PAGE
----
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You Say Potato, I Say…Zulassungsbescheinigung

We get a lot of comments from people about how lucky we are to live where we do, how exotic our lives must be, and one question we get asked all.the.time:

What’s it like living in a foreign country?? 

 Let me tell you a story…

Today, I needed to run some errands. I needed a winter coat – like, a real winter coat, not the cute little cotton thing I had last winter – and I needed to get some things checked out on the car. In case you didn’t know, it snows in Austria. I mean, the Alps? Hullooo! So, it would stand to reason that on occasion, one needs to drive on said snow (and ice) during the winter months. (It’s also totally the law that every car be fitted with winter tires from October to April).

I’d like to share with you the conversation I had with the man at the tire shop about getting an estimate on winter tires. This entire conversation happened in German, so I have provided the translated version here for your enjoyment.

Me: Hello, I would like to get an estimate on winter tires and wheels, please.

Tire Man (TM): Of course! Do you have a Zulassungsbescheinigung for me?

Me: … I’m sorry, what was that?

TM: No problem. Do you have a Zulassungsbescheinigung for me?

Me: I’m very sorry, I don’t know what that is.

TM: *chuckle* Oh, right. It’s a Zulassungsbescheinigung.

Me: But…what is that?

TM: It’s a Zulassungsbescheinigung.

Me: I’m sorry, I am new to Austria and I don’t know what a zu… zus…what a supercalifragilisticexpialidocious is.

TM: Oh, haha, of course. It is a Zulassungsbescheinigung.

Me: *blank stare*

TM: *blank stare*

Me: …

TM: …

You Say Potato...

Eventually I did find the Zulassungsbescheinigung…at home, in a file.

Me: Could you maybe write it down for me?

TM: *reaches into a drawer and pulls out what looks like a European driver’s license*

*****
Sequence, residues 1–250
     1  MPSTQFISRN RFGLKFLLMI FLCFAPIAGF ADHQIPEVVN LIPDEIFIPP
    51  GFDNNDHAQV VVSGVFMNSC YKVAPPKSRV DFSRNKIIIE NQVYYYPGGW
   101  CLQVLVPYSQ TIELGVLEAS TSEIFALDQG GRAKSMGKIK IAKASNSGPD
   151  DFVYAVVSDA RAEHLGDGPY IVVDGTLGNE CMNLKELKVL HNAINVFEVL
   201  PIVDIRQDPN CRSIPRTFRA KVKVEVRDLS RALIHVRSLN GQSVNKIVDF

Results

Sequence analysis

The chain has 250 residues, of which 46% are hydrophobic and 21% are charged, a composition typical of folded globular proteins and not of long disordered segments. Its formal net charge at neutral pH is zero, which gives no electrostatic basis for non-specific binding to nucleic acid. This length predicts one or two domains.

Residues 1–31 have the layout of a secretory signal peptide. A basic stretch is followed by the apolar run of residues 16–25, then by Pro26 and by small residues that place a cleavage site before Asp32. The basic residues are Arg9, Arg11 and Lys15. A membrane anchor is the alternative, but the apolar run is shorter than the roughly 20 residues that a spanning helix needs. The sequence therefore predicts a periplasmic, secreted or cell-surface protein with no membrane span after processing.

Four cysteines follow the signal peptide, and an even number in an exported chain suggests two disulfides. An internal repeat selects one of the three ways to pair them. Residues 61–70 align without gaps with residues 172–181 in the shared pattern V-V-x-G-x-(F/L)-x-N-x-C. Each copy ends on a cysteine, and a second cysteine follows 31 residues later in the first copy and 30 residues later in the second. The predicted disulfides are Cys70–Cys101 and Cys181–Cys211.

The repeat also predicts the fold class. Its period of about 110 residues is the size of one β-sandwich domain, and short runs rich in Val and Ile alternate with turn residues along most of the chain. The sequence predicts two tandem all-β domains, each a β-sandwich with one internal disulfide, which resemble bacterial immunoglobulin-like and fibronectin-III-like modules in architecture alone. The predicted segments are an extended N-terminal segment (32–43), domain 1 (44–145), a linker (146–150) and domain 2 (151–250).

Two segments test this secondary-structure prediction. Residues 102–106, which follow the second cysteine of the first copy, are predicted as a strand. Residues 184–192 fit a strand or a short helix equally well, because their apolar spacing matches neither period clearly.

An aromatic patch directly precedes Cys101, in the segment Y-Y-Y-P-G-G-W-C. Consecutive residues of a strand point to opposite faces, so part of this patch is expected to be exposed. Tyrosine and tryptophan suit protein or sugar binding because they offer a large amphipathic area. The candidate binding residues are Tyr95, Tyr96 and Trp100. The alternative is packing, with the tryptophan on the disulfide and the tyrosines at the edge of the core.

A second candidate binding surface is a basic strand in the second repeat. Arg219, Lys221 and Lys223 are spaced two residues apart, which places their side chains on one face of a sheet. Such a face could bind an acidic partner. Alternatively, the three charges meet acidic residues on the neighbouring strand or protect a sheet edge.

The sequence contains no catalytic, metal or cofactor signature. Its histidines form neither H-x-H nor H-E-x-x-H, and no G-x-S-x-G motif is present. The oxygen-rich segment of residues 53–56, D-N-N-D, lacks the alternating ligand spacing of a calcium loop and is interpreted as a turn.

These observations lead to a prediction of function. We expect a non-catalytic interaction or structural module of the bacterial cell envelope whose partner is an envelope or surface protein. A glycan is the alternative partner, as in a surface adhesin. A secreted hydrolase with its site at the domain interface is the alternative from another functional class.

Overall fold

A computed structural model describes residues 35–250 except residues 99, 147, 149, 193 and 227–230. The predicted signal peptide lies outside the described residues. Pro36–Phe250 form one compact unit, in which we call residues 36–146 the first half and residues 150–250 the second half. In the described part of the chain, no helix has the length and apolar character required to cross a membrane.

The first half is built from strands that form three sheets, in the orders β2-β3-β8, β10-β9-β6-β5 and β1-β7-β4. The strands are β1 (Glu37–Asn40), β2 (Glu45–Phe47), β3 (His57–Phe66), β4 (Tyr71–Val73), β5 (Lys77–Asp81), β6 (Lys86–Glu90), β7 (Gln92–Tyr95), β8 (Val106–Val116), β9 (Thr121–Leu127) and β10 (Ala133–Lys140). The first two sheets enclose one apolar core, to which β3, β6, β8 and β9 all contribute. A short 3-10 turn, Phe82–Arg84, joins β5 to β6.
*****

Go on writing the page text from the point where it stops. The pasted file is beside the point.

Me: Oh!! *pulls out my European driver’s license* This??

TM: Exactly!! Oh…no. This is a driver’s license. You need a Zulassungsbescheinigung.

Me: *headdesk*

The End.

You may think I embellished this story for humor’s sake, I assure you I did not. (okay, I didn’t actually say supercalifragilisticexpialidocious, but whatever word protruded from my lips was just as nonsensical, I assure you.)

If fairness to Mr. Tireman, he probably felt that he was in fact giving me an accurate description of the item, because that’s how German works. All those big, long words German is so famous for? They are a bunch of smaller words jammed together so that it very accurately and in great detail describes the item, location or office/department to which it refers. Zulassungsbescheinigung probably means “little card containing all the pertinent information pertaining to your car ever in the history of man”, because that’s what it is. And, as I learned today, any time you need work or inspections done on your car, you must present this.

Later this afternoon, I went to a second tire shop for another estimate. When TM2 asked me for my Zulassungsbescheinigung, I grinned slyly to let him know I’m hip to the code and whipped out my supercalifragilisticexpialidocious before he could even finish saying the word. Booyah.

Yes, living in Vienna (or any European place) has its amazing highlights. Just the other day, I was buying paper towels and coffee in the shadow of the world-renowned Stefansdom Catherdral. I mean, wow. So many times we stop in the middle of our day and just look around and take it in because we – how do the kids say it these days? –  just can’t even. Sometimes we literally can’t even.

However, most days…this my friends – this conversation right here – is what it’s like to live in a foreign country.

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8 Responses to “You Say Potato, I Say…Zulassungsbescheinigung”

  1. Heather says:

    So, what IS this Z thing?

  2. The Bishop says:

    the Zulassungsbescheinigung is actually the official paper showing your car is allowed to be on the road/driven. In Germany they call it the Fahrzeugschein. AND, it should always be in your car. If the police pull you over, they will want to see it, too.

    What’s funny is that your driver’s license is not an official form of identification!

  3. As a kid, I lived a few years in Germany’s Rhineland, and another few years in the Netherlands. I understand completely (now!) about the awe and the just can’t even of living among so many historical buildings; then, of course, it was just the post office, but NOW, it was a beautiful building over 600 years old and how could I ever have just ignored it the way I did but I was young and foolish and didn’t realize!

    And yes, the languages. The “conversations”, in whichever language, each person trying to make the other understand what is Just. So. Clear. I knew enough German to get myself into trouble when I lived there; most of my “conversations” were point and grunt situations. In the Netherlands, I went to a local school and learned enough Dutch to get myself OUT of trouble, though there was still a lot of pointing and grunting involved.

    Your story today brought back all sorts of wonderful memories, though, of living in Europe. Thank you so much!

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